Introducing an Organizational Chart for Start-Ups

July 27, 2021

While the organizational chart is an important foundational building block of most businesses, for start-ups it is typically non-existent, and incorporating one later can be a disaster if not planned well.

In the early stage of a start-up, founders typically surround themselves with like-minded visionaries who are willing to do what it takes to build a business from the ground up, taking on new duties and roles as needed as the business experienced rapid growth. For instance, the person responsible for business development eventually is also in charge of marketing, operations and HR. While this can work at first – sometimes even for years – eventually it becomes clear the current structure is not sustainable or scalable.

As founders work with advisors and investors to plan for growth, communication with the existing team members is important to avoid misunderstanding, frustration and unintended turnover. In many cases, founders assume team members will be happy to be relieved of some job duties, but if the team members aren’t part of the planning process, the perception can result in them feeling unwanted or disappointed to lose job duties they enjoy.

The introduction of a formal operational structure can impact company culture as well. What worked for a small team may no longer work for a larger team. Reimagining and adapting the culture to reflect the change that comes with growth is important.

Our team shares a few tips for how to include employees in the process of planning for growth and organizational change:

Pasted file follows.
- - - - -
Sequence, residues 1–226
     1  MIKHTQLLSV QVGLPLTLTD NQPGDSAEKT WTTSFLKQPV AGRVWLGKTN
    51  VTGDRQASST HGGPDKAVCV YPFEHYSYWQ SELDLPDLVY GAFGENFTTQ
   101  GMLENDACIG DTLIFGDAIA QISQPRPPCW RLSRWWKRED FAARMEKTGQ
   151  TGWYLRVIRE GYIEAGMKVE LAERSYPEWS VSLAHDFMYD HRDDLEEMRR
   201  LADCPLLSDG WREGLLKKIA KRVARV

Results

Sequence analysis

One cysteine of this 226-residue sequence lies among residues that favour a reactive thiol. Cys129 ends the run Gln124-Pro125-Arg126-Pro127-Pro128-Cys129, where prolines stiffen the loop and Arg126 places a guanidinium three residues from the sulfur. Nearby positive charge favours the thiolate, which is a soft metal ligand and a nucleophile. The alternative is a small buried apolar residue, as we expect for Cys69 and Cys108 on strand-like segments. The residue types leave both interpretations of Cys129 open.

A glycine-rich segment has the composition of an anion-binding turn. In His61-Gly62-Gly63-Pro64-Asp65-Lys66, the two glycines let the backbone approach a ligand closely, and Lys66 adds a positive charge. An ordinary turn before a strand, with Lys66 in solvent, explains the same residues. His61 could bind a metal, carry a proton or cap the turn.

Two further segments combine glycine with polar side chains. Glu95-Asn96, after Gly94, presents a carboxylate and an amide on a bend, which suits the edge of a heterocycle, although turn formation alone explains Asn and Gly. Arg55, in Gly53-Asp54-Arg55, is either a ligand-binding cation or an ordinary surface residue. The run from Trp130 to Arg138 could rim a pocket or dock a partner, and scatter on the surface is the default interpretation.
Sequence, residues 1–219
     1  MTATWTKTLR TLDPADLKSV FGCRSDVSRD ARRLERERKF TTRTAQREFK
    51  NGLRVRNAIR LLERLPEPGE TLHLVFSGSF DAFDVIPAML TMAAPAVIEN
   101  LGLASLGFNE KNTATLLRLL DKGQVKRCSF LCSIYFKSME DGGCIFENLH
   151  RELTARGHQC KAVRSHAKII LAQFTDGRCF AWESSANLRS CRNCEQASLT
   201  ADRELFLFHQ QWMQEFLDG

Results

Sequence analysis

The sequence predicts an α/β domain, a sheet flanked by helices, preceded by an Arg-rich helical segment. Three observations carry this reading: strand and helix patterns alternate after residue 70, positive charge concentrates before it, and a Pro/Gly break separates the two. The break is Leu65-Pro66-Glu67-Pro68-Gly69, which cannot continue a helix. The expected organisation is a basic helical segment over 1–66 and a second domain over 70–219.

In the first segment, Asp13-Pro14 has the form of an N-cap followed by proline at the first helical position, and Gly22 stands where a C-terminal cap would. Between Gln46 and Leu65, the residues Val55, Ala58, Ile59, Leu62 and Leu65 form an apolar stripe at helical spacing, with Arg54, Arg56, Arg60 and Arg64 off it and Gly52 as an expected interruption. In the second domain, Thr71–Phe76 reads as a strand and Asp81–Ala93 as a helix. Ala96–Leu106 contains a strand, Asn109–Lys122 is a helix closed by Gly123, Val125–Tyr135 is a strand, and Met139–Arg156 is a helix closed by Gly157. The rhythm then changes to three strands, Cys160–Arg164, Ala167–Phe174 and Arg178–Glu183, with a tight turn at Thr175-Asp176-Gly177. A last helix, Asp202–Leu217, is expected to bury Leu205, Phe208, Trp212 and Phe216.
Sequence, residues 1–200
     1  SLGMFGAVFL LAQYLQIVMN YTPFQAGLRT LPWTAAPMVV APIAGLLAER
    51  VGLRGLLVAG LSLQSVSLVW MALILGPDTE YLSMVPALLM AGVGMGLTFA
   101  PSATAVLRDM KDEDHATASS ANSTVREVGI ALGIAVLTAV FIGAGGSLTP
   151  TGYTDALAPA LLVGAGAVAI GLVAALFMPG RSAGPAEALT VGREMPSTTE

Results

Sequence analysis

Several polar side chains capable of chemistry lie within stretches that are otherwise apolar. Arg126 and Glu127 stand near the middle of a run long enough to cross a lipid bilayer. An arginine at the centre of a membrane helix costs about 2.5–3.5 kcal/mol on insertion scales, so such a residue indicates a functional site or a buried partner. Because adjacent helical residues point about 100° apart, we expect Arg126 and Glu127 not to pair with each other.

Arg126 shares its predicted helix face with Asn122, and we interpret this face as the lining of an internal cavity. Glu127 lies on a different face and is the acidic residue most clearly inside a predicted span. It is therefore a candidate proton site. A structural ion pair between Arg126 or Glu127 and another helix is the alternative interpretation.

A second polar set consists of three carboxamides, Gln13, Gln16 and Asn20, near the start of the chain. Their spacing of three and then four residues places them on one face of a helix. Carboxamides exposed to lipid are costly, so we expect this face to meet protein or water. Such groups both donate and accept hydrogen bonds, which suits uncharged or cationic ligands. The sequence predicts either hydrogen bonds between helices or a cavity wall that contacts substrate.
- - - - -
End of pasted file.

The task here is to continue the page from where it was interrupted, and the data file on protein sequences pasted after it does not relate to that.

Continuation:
1. Develop an organizational chart. Even if your start-up is still very young, consider what it might look like at various stages of growth. This may change as you evolve as a business leader but the vision for the future can help current employees imagine their role and how it might change.
  2. Identify and define anticipated leadership roles and reporting structures. Establish core job responsibilities for each. Present this to the existing team members and open the door for discussion for what this means for their role with the company and where they possibly fit within these future roles.
  3. Be transparent. If it’s clear that team members currently filling certain roles such as HR or marketing do not have the skills to transition into the new leadership role, take time to meet with the person 1:1 to explain the role, the candidate you are seeking, and how you imagine their role changing and what a new role could look like.

Contact us today to learn more about our modern approach to performance management and development that actually improves the manager and employee relationship. Don’t just take our word for it, see what our Customers have to say.